7. Research and innovation: Training in research methodologies, experimental design, and innovation processes to drive continuous improvement, develop new products or services, or solve challenging technical problems.
  8. Regulatory compliance and quality assurance: Advanced knowledge of regulatory requirements, quality standards, and compliance frameworks relevant to the industry, ensuring products and services meet or exceed regulatory expectations.

Advanced hard skills training deepens individuals’ expertise, enhances their problem-solving abilities, and empowers them to take on more challenging organizational responsibilities. It tailors to professionals’ specific needs and career aspirations in their respective fields.

After completing basic hard skills training for a new employee, the supervisor must identify employees suited for advanced hard skills training. After training, employees may need to be more suited for advanced hard skills training. It may be months or years before they are ready.

Supervisors can expect to give advanced hard skills training to employees for months or years. Additional funding or budget may need to be requested.

Ongoing Hard Skills Training

Ongoing hard skills training is essential for professionals to stay competitive, adapt to evolving industry trends, and continuously improve their performance. It involves regularly updating and expanding one’s technical abilities, staying abreast of new developments, and refining existing skills.

Supervisors may not conduct this ongoing hard skills training directly but must identify how to support employees. At this time, supervisors need to step up and fight for their rock-star employees.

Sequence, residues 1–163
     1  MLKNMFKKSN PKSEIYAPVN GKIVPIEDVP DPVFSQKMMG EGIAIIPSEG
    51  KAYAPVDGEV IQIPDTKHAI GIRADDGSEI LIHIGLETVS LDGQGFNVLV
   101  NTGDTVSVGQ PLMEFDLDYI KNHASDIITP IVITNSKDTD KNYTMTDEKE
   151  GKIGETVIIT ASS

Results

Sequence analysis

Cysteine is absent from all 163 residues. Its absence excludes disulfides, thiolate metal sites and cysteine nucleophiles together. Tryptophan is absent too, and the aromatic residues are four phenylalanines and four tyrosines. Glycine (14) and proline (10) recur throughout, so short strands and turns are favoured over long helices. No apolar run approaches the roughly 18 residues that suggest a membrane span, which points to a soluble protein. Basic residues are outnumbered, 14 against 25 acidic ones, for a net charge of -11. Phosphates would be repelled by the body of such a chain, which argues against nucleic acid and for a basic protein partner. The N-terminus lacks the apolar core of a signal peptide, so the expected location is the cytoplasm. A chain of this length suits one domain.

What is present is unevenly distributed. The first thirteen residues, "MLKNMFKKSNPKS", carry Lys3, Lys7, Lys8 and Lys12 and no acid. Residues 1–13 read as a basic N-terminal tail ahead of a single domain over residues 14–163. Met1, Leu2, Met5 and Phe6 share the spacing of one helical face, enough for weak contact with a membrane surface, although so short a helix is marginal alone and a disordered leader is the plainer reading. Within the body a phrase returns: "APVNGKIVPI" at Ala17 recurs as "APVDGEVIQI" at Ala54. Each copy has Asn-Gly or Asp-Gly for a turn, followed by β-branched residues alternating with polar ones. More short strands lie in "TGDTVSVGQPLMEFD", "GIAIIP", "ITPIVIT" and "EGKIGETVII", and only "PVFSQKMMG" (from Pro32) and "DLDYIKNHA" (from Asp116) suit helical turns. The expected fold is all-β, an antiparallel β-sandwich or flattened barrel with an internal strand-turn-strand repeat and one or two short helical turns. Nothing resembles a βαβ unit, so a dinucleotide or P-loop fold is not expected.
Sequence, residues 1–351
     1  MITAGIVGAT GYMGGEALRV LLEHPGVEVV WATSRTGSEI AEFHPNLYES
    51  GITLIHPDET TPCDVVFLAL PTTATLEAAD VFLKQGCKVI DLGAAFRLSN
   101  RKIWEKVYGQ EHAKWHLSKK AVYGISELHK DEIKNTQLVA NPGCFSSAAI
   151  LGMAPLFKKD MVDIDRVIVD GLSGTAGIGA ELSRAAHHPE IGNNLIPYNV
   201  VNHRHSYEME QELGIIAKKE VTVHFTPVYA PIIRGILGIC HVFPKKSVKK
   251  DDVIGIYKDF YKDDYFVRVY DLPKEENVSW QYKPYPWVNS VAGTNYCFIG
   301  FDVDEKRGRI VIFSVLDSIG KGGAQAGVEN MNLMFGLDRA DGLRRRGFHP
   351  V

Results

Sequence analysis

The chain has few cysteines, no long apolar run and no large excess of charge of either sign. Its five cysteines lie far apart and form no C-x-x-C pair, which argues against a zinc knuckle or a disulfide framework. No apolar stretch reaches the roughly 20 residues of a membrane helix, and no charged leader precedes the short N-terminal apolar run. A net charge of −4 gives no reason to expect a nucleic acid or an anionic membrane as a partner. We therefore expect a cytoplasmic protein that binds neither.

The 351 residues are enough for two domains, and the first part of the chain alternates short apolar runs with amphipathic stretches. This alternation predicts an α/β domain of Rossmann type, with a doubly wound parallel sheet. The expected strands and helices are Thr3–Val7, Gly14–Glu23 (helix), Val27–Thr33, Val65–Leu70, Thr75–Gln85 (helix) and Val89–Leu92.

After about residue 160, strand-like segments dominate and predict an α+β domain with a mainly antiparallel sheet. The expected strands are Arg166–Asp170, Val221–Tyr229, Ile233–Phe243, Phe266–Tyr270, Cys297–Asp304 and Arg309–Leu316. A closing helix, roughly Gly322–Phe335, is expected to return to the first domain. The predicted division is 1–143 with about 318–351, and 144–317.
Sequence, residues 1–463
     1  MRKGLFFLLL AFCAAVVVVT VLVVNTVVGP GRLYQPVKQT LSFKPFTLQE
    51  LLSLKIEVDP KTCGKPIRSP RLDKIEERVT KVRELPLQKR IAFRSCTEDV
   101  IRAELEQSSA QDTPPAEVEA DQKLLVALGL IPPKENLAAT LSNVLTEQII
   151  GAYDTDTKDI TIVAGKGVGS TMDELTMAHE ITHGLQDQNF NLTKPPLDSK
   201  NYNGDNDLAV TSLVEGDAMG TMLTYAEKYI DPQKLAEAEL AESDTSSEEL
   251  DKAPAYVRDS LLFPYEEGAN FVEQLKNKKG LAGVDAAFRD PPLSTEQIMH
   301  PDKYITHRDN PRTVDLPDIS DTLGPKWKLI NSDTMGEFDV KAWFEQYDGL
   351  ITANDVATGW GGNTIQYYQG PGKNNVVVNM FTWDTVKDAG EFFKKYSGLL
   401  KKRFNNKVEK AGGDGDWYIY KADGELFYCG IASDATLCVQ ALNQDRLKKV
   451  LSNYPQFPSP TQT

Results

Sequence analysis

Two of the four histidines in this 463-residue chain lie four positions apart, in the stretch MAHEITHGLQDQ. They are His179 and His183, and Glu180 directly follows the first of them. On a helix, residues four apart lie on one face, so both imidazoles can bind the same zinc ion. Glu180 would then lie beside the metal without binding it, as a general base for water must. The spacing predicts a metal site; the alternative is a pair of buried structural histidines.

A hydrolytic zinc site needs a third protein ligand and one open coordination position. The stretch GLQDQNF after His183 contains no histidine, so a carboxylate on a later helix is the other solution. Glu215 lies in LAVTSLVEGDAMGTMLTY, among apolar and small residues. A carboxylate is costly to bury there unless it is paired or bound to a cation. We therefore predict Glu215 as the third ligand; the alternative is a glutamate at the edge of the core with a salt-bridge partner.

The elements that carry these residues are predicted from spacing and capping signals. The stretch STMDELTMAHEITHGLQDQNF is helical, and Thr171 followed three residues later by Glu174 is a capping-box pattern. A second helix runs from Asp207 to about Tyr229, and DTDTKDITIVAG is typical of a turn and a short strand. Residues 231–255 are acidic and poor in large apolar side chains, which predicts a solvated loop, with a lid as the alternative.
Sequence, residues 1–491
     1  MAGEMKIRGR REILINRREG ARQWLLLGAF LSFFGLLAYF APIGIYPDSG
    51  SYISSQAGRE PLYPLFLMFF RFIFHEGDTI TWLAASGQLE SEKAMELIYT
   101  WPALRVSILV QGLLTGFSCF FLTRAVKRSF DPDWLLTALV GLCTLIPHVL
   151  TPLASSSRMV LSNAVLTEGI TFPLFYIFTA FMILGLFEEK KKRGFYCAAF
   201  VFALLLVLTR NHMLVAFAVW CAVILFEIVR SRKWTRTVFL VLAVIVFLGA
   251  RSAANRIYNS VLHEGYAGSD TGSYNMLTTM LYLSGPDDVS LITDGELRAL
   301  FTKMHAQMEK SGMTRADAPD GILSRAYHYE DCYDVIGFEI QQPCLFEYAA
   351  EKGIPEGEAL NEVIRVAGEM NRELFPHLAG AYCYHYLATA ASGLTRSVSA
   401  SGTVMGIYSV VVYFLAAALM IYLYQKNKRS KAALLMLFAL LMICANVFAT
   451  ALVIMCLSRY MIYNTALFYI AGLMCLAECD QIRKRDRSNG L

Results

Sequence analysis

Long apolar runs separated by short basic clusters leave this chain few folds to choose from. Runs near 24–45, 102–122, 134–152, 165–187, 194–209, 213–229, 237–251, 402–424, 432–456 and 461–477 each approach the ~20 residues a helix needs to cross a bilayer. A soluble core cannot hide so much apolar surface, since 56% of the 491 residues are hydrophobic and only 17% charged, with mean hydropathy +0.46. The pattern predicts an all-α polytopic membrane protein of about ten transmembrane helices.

Here are some recommendations for ongoing hard skills training:

  1. Continuing Education Programs: Enroll in relevant courses, workshops, seminars, or certification programs offered by professional organizations, universities, or online learning platforms. These programs can provide updated knowledge and advanced training in specific areas of expertise.
  2. Professional Development Resources: Utilize industry publications, journals, online forums, and professional associations to access the latest research, best practices, and resources in your field. Attend conferences, webinars, or networking events where exchanging ideas with peers and learning from industry experts can happen.
  3. Cross-Training Opportunities: Seek opportunities to expand your skill set by learning complementary skills or exploring related disciplines within your industry. Cross-training can enhance your versatility, problem-solving abilities, and career prospects.
  4. Mentorship and Coaching: Engage with experienced mentors or coaches who can provide guidance, feedback, and support. Learning from seasoned professionals can offer valuable insights and accelerate your growth.